|Player:||SM Gavaskar, GS Chappell, RS Dravid, JG Wright, V Sehwag, SR Tendulkar, IK Pathan|
|Event:||ICC World Cup 2006/07|
DateLine: 24th April 2007
As one who has held similar views all along I was extremely pleased to read Sunil Gavaskar’s recent comments on Greg Chappell. The former Indian captain has squarely blamed him for the World Cup debacle and the recent fall in standards. I myself have been crying myself hoarse for almost a year writing repeatedly in my columns about the damage that Chappell’s methods have caused to Indian cricket and how his dictatorial attitude has left a sense of insecurity among the players who consequently have not been able to perform up to potential. With virtually the same team the combination of John Wright and Sourav Ganguly were able to show a much healthier balance sheet over the 4-1/2 years they were in charge while the duo of Chappell and Rahul Dravid has presided over a series of setbacks culminating in the biggest disaster of them all – the early exit from the World Cup.
The post mortems done by so called experts said that the reverse was due to various factors and they needlessly went into a deep analysis when there was no need to. It was just a result of failure of the leadership and while Chappell has to take a major share of the blame, Dravid is not entirely blameless. The less assertive Mr Nice Guy allowed Chappell to take command when as captain he should have shown that he was the boss and the buck stopped with him. And anyway I cannot fathom foreign players finding various causes for India’s defeats ranging from faults that lie with the Indian domestic circuit to misadministration at the BCCI level. I hardly see Indian cricketers commenting adversely on the domestic structure prevalent in South Africa, West Indies or New Zealand. The point is that with the existing system Indian cricketers have produced positive results in the period 2000 – 2005. I shall point out only the more significant among these – a shared Test series in England in 2002, a shared Test series in Australia in 2003-04, a Test series victory for the first time in Pakistan in 2004, the NatWest Trophy triumph in England in 2002, sharing of the Champions Trophy with hosts Sri Lanka the same year, making the final of the 2003 World Cup in South Africa.
Credit should go to Wright and Ganguly for these results for they wielded the team into a strong unit through adroit handling. The batting was probably the most lustrous in the world and fully lived up to its lofty reputation with totals of 705 for seven (against Australia) and 675 for five (in Pakistan) being registered and Virender Sehwag becoming the first Indian to top the 300-run mark in Tests. In the last couple of years there has been a considerable fall in the playing standards of almost all the Indian players and this is reflected in the figures. Sehwag was touching 56 at his peak; his average now is below 50. The same faltering figures are seen against the names of even Sachin Tendulkar and Rahul Dravid. Harbhajan Singh who was averaging 27.7 with the ball now has an average approaching 30. Irfan Pathan who was the pace spearhead of the Indian team and emerging as the country’s long awaited all rounder is now out of the side because he has lost confidence – thanks to Chappell’s over experimentation. This is the point that Gavaskar has driven home while hitting out at Chappell. "Some of the most promising talent, as recognized by the ICC Cricket voting panel, has lost its way and nobody of any note has come through during this period. The batting, which should have flourished under the guidance of someone recognized as one of the game's best batsmen, has looked tentative and unsure and has lost the spark that made India's cricket team such a must-see for cricket lovers."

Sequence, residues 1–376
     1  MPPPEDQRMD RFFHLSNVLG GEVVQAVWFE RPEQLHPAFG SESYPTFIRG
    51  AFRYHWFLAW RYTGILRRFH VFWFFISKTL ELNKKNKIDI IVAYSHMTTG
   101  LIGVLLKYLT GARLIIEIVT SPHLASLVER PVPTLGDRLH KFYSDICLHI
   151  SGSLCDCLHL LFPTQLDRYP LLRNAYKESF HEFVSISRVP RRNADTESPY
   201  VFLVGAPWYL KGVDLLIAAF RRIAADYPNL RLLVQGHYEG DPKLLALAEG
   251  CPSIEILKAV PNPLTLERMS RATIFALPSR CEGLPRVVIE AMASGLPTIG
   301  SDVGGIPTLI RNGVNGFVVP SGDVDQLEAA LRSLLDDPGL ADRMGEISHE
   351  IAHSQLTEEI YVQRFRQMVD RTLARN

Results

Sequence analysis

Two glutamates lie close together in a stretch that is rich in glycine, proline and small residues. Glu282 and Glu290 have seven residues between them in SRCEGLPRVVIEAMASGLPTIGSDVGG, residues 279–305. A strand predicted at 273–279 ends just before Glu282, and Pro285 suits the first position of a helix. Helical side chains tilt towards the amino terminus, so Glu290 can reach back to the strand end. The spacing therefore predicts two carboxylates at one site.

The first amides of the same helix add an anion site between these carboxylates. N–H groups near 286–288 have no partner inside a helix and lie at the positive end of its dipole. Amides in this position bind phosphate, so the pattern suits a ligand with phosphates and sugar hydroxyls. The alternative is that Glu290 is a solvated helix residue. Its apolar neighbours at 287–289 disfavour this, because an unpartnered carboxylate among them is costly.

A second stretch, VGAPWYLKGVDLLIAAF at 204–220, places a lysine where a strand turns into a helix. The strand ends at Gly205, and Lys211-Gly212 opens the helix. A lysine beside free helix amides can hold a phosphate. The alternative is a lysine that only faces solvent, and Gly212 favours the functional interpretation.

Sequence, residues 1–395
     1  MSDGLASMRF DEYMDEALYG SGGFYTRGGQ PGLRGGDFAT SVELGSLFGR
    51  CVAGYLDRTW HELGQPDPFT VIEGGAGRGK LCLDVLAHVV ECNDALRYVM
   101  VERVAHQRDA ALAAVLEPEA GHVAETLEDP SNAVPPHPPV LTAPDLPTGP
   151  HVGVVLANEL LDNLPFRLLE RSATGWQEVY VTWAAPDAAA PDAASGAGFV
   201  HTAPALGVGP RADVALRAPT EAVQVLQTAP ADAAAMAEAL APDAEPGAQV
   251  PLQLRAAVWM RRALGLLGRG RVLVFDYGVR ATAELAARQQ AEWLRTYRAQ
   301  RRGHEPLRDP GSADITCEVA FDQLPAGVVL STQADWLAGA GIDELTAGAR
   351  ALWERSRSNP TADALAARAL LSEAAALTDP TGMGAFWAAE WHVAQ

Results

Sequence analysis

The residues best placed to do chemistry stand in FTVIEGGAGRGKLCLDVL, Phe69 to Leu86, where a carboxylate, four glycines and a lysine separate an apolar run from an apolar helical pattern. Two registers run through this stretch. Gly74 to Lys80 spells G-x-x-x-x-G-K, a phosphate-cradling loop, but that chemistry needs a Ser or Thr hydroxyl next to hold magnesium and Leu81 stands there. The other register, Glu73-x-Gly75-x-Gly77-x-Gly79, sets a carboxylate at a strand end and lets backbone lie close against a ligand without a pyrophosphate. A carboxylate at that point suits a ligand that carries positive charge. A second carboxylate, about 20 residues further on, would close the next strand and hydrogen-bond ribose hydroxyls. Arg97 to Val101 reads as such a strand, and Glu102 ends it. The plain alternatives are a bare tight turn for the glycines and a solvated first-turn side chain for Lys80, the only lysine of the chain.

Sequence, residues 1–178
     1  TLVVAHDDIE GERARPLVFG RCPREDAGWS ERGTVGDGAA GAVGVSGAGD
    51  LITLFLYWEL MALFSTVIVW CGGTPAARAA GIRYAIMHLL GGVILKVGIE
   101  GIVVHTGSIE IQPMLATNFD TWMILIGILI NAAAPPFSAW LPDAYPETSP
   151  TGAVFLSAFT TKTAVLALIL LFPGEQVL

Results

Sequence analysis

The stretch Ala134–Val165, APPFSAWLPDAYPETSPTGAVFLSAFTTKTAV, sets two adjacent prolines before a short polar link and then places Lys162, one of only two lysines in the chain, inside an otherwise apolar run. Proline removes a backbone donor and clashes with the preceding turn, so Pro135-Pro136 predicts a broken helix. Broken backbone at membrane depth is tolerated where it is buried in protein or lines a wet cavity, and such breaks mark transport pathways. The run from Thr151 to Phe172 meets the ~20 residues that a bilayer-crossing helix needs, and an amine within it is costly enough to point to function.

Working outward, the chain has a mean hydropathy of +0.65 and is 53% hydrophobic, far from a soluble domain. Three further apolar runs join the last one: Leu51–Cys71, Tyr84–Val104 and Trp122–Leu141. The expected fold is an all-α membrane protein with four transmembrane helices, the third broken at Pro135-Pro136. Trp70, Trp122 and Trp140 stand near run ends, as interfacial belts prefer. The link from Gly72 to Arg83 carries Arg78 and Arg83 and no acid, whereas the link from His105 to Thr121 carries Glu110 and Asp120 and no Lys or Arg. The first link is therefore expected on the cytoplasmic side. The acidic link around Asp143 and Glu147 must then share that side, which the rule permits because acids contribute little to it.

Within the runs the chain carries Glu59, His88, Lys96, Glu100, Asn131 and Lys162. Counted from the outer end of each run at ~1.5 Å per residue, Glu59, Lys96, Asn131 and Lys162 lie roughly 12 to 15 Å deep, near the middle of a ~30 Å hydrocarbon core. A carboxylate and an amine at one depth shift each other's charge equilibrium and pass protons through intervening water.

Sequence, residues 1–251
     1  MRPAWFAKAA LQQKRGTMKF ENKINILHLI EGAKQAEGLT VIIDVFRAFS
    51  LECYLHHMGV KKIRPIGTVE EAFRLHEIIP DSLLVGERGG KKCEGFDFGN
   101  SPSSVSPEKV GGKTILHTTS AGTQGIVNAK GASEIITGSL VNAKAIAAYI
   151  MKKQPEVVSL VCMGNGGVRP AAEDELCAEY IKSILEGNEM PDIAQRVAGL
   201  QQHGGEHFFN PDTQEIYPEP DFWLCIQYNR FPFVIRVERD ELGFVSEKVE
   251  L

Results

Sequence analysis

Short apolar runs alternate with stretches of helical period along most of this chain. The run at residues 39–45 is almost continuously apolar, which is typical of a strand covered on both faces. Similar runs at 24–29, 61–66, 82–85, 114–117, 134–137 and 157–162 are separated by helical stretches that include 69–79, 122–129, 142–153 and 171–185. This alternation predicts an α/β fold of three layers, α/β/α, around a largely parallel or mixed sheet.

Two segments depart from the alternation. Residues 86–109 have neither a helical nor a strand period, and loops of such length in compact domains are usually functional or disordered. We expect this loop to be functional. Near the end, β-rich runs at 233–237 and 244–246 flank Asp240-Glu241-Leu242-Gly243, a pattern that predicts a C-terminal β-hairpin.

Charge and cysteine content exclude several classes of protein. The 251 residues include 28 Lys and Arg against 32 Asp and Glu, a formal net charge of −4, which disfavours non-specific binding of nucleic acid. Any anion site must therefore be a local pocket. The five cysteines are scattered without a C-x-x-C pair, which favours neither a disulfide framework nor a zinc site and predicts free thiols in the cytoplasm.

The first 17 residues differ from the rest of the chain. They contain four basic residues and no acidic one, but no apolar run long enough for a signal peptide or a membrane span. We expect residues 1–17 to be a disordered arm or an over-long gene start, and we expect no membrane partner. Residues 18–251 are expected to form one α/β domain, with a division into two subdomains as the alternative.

And this man who has worked havoc with the Indian team has been praised among others by BCCI chief Sharad Pawar who has gone so far as to suggest that he could stay associated with Indian cricket in an advisory capacity to the National Cricket Academy. Nothing could be more disastrous and Gavaskar has again hit the nail on the head by writing: "To give him another job and that too one which deals with the future of Indian cricket after the mess the present of Indian cricket has been landed into, makes one wonder if we will ever get out of the inferior complex syndrome."
Let’s hear Gavaskar one last time. "When Chappell took over as coach of the Indian team, Indian cricket was poised to take the big step forward. There was optimism all around and a palpable confidence that Indian cricket would be ready to challenge Australia for the title of the best team in the world. Instead, at the end of his tenure, Indian cricket is down in the dumps with a first-round exit in the World Cup and is fractured and divided as seldom before." The message is unambiguous. Chappell should not be associated with Indian cricket in any capacity anymore.
(Article: Copyright © 2007 CricketArchive)